Most Americans can't help but feel like summertime is vacation time. Since we were kids in school, the idea that we need an escape during the summer months has been ingrained in us. Add to that the seasonal itch we get for sunshine and warmth after a long winter cooped up indoors--and who can blame us for wanting to get away and put our toes in the sand? After all, hard-working employees need and deserve breaks.
The problem, of course, is that work goes on year round. Business doesn't stop, nor do responsibilities dwindle, just because the calendar says June or July. That's why it's important this time of year to revisit your company's perspective on vacation and personal time off (PTO). Where do you stand on the idea of summertime holidays? Are you building a culture that permits employees to make time for rest and relaxation no matter what month it is? And how can you best balance the needs for both productivity and leisure?
Here are a few thoughts to consider:
You can't get rid of the summer mentality. Face it: Our feelings for summer are deep-rooted. Most of us grew up having summers off from school, so we cling to the idea that summer is when we should take trips with our families and friends. Trying to undo that idea is nearly impossible, especially if your employees are fresh out of school themselves or have school-aged children. For them, it's often the only practical time to travel. Accept the fact that "summer vacation" is a phrase we aren't likely to phase out any time soon.
If you provide vacation time, respect people for using it. There's a lot of debate back and forth on the merits of tracking vacation and holiday time. Companies that don't track vacation say people can always go when they need to go and not be worried about PTO. On the other hand, some employees fear they'll look like slackers if they take time off without accounting for it. However your company approaches its PTO policy, never make people feel guilty for taking the time you give them. The thing is, you want people to rest. Grinding away through the winter can seriously deplete your focus and your edge, so companies should want employees to find ways to "sharpen the ax," so to speak. For some, that will mean taking a nice trip for two weeks at a stretch during July. And that's okay. The best workplaces communicate to their employees that vacations are well-deserved respites--rewards for being productive contributors.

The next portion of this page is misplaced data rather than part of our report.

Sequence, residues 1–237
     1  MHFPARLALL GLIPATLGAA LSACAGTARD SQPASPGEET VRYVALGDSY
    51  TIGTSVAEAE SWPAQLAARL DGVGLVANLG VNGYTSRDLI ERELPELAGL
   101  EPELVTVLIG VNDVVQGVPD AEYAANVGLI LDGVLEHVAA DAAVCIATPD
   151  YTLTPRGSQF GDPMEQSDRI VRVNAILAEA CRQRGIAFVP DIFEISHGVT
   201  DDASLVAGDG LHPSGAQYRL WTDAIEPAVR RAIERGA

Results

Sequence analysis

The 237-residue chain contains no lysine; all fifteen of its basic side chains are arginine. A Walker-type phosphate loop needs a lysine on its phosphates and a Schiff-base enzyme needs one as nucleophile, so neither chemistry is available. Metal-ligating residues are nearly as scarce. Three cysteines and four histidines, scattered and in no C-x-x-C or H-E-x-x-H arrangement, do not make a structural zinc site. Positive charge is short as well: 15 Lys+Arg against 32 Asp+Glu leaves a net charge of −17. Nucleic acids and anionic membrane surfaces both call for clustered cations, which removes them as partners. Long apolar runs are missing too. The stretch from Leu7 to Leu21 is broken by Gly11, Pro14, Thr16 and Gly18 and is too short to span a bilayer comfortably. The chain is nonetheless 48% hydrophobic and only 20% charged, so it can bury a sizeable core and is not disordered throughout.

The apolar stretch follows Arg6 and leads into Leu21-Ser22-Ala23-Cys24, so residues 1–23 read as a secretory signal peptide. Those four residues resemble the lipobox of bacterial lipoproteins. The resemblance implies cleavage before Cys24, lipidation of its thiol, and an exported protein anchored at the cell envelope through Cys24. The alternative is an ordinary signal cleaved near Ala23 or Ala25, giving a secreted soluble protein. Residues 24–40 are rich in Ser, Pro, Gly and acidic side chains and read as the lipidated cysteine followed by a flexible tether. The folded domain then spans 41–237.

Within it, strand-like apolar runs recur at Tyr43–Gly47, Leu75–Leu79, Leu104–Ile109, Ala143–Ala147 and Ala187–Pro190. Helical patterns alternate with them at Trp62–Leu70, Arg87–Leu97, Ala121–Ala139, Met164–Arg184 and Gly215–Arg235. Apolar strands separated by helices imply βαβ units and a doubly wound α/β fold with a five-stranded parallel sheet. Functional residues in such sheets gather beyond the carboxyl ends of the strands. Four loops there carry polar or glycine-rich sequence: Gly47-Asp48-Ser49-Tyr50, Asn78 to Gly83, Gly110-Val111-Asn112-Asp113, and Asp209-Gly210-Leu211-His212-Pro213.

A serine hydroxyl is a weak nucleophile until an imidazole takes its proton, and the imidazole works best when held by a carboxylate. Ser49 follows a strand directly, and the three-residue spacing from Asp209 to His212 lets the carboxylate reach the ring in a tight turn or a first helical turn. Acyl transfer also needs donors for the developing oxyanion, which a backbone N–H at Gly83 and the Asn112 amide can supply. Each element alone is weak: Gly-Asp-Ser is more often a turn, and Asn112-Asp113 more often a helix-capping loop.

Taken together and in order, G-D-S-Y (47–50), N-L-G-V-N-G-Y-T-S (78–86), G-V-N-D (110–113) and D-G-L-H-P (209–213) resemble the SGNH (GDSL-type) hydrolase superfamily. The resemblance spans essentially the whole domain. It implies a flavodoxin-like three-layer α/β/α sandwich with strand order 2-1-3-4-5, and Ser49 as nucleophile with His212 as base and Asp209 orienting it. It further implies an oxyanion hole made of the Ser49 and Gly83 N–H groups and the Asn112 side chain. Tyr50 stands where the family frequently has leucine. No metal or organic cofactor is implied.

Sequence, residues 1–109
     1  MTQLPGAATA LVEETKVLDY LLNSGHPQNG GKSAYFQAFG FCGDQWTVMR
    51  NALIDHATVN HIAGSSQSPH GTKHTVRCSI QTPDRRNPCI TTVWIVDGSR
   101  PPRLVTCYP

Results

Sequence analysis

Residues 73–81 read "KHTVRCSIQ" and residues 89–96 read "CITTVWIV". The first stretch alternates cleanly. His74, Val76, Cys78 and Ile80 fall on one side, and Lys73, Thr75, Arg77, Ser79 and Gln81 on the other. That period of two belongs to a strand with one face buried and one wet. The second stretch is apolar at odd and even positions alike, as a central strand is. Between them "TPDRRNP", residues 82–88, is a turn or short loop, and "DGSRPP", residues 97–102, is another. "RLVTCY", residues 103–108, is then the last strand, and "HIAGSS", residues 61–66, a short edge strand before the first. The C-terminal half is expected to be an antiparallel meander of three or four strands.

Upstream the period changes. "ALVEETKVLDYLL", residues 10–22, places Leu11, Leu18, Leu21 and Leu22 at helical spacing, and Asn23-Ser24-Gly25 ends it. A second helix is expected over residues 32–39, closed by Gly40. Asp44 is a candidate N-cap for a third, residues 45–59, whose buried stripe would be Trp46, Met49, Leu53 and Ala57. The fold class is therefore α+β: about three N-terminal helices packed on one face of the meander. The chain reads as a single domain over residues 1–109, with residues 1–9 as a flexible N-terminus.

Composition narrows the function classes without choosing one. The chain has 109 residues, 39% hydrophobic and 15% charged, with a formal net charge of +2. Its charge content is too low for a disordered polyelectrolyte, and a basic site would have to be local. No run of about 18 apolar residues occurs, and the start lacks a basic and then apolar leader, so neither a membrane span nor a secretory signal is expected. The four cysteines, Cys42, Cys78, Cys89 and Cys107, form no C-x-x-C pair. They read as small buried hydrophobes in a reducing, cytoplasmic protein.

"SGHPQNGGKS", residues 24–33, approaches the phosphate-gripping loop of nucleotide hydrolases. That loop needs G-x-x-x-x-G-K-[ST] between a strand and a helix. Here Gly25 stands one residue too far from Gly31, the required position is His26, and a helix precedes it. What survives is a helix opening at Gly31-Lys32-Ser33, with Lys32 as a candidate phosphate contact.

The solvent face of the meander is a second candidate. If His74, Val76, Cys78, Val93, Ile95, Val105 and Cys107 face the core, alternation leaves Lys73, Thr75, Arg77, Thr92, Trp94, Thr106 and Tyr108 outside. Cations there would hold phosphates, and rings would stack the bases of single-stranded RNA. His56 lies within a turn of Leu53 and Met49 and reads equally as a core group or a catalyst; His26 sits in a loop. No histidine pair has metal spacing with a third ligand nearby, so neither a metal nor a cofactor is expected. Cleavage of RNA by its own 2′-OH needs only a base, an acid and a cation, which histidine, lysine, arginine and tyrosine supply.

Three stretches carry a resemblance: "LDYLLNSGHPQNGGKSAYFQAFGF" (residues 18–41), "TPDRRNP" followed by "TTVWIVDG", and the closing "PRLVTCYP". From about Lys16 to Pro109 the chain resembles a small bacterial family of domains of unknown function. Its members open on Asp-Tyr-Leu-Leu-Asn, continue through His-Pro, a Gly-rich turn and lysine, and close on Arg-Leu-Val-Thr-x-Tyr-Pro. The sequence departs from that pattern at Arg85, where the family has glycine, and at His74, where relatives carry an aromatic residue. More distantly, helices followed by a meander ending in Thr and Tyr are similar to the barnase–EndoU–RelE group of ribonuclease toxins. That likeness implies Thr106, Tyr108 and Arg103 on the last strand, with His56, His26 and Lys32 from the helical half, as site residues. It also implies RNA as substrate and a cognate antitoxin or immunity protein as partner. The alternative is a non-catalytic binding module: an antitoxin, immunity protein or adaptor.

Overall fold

Not every "break" requires taking time off. It's possible to give people distance from the winter blahs just by providing regular opportunities to let off steam. At Jobvite, for example, we have "Summer Parties" every year, where employees and their families get together on a Saturday--not necessarily in summer--simply to hang out and relax. It's a time to remind ourselves that we aren't just officemates; we're husbands and wives and friends, all with lives outside of work. We also empower our managers with the autonomy (and the budget) to hold occasional team-building activities and social gatherings during the workweek. Whether they go wine tasting or play softball, I find that this kind of downtime--while not a substitute for a "real" vacation--definitely helps alleviate the buildup of pressure.
Set a good example. The most important thing a leader can do is to remind your workforce about something obvious that is not so obvious when one is immersed in the job and career - that life is not about work alone, but about family and friends and other pursuits. The best way you can do this is by taking your own vacations from time to time. Show your employees that they won't be judged as less productive simply because they need a few weeks off to recharge their batteries. Build a culture that values happiness and health above hours spent at a desk. Why? Because happy, healthy employees consistently perform better than employees who feel burnt out or don't like their jobs. No one wants to be stuck in a place where you have to be the first one to arrive and the last one to leave, or where you feel scrutinized about how you spend every minute. Demonstrate through your own actions as a leader that your company values results. And if you can perform well, you deserve a vacation.
As summer comes upon us, take a few days to reflect on how your employees feel about their vacation time. If they're not regularly taking days off, look for reasons why. Are they under too much pressure to keep going? Does your culture come across as overvaluing hours and undervaluing performance? When was the last time your employees saw you take a vacation? Remember: If you've done your job as a leader, and you've built an organized team that can fill in for each other, vacations are good for everyone--and summer's just as good a time as any.